Relative Contribution of Wall Shear Stress and Injury in Experimental Intimal Thickening at PTFE End-to-Side Arterial Anastomoses

[+] Author and Article Information
Francis Loth

Departments of Mechanical Engineering and Bioengineering, University of Illinois at Chicago, Chicago, IL

Steven A. Jones

The Biomedical Engineering Program, Louisiana Tech University, Ruston, LA

Christopher K. Zarins

The Parker H. Petit Institute for Bioengineering and Bioscience, Georgia Tech/Emory, Atlanta, GA

Don P. Giddens

The Department of Surgery, Stanford University, Stanford, CA

Raja F. Nassar

The Biomedical Engineering and Mathematics Programs, Louisiana Tech University, Ruston, LA

Seymour Glagov

The Departments of Surgery and Pathology, The University of Chicago, Chicago, IL

Hisham S. Bassiouny

The Department of Surgery, The University of Chicago, Chicago, IL

J Biomech Eng 124(1), 44-51 (Sep 17, 2001) (8 pages) doi:10.1115/1.1428554 History: Received May 26, 2000; Revised September 17, 2001
Copyright © 2002 by ASME
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Nomenclature of the end-to-side anastomosis (POS-proximal outlet segment, DOS-distal outlet segment)
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Sketch showing the surgical bypass configuration in which blood bypasses an occlusion (ligation) through the PTFE and exits the distal anastomosis through both the proximal outlet segment (POS) and the distal outlet segment (DOS)
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Regions on the hood and floor over which IHT was averaged circumferentially. Five intimal thickening values, 15 degrees apart, were used in the calculation for IHT for each region.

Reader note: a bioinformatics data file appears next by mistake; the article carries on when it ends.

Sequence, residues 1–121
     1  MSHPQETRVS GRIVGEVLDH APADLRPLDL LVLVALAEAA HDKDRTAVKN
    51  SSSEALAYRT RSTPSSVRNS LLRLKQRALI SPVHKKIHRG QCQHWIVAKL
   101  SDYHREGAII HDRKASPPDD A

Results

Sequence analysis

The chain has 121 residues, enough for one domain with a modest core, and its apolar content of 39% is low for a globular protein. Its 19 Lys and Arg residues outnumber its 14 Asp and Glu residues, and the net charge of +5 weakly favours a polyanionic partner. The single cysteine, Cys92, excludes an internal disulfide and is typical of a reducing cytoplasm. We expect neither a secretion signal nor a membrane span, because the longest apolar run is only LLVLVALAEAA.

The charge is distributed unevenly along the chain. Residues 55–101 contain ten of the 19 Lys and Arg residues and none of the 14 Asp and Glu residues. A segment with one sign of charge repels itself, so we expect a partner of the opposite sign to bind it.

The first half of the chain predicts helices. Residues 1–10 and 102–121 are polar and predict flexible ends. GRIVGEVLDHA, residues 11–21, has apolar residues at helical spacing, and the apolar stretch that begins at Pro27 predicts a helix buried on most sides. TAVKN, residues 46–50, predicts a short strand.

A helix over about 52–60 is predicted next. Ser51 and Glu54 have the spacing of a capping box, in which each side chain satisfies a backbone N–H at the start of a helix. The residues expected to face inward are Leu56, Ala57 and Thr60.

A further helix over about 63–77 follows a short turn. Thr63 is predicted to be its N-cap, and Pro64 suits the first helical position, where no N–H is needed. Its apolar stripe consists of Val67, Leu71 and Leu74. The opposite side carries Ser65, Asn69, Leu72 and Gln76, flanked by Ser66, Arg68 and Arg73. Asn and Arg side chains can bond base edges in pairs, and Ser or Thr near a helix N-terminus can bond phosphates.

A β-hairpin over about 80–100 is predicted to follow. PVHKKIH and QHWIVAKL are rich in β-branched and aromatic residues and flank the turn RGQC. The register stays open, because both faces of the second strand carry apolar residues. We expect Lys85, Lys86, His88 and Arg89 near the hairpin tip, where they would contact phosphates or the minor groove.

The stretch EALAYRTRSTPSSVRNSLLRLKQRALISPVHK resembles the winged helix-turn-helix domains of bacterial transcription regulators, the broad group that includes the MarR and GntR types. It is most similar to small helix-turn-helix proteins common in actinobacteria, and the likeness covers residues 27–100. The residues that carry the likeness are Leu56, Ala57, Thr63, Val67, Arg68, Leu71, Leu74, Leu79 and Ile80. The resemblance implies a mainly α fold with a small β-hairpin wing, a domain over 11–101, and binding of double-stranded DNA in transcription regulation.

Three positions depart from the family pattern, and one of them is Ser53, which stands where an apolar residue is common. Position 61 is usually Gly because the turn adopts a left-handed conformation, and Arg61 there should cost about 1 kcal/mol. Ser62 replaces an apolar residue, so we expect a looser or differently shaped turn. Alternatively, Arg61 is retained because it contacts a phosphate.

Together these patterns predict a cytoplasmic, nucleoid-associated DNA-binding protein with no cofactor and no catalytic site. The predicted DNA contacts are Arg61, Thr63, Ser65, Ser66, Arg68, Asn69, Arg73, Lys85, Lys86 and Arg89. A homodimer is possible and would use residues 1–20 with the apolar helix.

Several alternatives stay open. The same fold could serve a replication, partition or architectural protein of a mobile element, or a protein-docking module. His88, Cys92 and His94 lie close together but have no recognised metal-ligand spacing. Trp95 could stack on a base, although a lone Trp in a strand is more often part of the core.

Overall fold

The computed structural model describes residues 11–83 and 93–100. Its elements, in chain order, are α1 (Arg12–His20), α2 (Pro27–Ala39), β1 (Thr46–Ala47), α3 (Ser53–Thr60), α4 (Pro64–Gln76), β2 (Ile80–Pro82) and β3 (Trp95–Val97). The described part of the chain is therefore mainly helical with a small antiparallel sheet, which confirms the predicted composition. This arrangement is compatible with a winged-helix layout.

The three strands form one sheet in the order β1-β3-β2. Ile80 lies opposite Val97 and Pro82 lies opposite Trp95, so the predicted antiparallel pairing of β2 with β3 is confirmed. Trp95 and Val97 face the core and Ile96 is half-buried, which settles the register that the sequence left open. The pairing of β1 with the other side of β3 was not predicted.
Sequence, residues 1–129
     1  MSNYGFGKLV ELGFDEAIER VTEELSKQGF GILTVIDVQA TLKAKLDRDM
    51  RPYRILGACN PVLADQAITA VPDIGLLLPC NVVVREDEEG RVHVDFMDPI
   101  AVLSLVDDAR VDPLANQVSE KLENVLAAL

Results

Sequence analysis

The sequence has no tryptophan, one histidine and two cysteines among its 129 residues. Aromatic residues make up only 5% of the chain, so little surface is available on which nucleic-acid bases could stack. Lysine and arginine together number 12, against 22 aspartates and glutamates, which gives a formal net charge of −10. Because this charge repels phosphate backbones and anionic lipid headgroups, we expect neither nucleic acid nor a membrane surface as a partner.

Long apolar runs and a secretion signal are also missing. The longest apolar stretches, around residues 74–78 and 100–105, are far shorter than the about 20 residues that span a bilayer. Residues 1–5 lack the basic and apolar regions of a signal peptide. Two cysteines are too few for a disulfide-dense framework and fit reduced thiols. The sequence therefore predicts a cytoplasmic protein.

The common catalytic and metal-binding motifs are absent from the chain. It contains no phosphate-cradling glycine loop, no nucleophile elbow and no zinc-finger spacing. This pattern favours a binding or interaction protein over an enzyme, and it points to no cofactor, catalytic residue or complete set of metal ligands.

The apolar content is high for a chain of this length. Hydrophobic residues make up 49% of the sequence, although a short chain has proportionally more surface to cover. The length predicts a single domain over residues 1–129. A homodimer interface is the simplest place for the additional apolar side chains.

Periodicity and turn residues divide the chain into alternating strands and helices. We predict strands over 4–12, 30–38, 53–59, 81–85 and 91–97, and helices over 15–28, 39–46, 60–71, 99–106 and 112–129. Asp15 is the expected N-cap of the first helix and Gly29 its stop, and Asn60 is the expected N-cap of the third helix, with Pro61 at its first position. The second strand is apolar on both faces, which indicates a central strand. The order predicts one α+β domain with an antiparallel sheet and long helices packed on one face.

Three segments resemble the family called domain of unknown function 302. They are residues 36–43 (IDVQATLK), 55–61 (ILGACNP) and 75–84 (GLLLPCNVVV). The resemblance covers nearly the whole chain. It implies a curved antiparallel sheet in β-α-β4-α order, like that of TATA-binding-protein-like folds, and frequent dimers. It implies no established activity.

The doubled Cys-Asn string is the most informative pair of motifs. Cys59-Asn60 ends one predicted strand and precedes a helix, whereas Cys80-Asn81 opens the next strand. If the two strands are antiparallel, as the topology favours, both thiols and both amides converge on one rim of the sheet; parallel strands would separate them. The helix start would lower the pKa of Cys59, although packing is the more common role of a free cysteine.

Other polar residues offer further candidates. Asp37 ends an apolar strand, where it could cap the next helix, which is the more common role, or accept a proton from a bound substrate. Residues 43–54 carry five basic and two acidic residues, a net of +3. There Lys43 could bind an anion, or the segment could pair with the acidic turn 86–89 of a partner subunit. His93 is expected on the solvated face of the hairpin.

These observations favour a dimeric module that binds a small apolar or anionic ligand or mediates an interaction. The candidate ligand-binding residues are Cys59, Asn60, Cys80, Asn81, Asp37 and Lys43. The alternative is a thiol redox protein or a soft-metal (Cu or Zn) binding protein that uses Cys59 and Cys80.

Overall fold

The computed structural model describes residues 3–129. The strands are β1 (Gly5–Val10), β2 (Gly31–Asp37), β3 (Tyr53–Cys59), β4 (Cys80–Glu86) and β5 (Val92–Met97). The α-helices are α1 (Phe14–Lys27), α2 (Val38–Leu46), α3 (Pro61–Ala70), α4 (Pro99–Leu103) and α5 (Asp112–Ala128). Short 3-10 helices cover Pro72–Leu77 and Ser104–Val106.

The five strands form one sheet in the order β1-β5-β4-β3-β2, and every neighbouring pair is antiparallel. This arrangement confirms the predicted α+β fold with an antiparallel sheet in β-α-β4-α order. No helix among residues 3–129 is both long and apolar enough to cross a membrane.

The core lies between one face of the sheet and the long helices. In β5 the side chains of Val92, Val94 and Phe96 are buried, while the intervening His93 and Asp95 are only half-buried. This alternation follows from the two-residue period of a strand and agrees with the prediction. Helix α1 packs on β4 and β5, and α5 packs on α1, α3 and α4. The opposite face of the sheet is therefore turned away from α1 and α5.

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Time-averaged wall shear stress for each axial measurement location at the midplane
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Linear regression of the reciprocal of mean wall shear (1/WSS) and mean IHT. Filled symbols are along the floor (native artery). Open symbols are along the hood (PTFE). The triangles are near the suture line. The diamond is the floor stagnation point. Locations other than the suture line and stagnation point are represented with boxes. While a correlation is seen between IHT and 1/WSS, the degree of correlation is reduced by the influence of material and injury. The IHT values along the native artery are generally lower than those along PTFE for a given level of shear stress. Also, IHT values near the suture line are higher than those away from the suture line for a given material and a given wall shear stress level.
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Comparison of predicted IHT by nonlinear multiple regression with backward elimination with measured IHT. The symbols are identical to those used in Fig. 7.
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Geometry for the in vitro flow model. Wall shear stress measurements were obtained at the axial locations indicated by the dotted lines. The cross-sections of the model at each of these axial locations are indicated.
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Flow waveform used for the in vitro velocity measurements. The flow rate has been scaled to reflect the equivalent in vivo values. POS and DOS are the proximal and distal outflow segments, respectively.
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Histomicrographs of graft hood and arterial floor IHT (×120 mag), cross-sections were stained using the Gomori-trichrome-aldehyde fuchsin procedure for connective tissue staining. Graft hood IHT (Fig. 6(a)) consists of an intimal pannus morphologically consistent with smooth muscle cells overlying the PTFE graft. There is no evidence of mural or luminal thrombosis. Floor IHT is represented in Fig. 6(b) (×120 mag).
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Distribution of mean IHT at the different axial locations in the experimental end-to-side anastomosis. IHT is along the graft hood and heel is more prominent than other regions within the anastomosis. IHT was absent on the floor of the graft.



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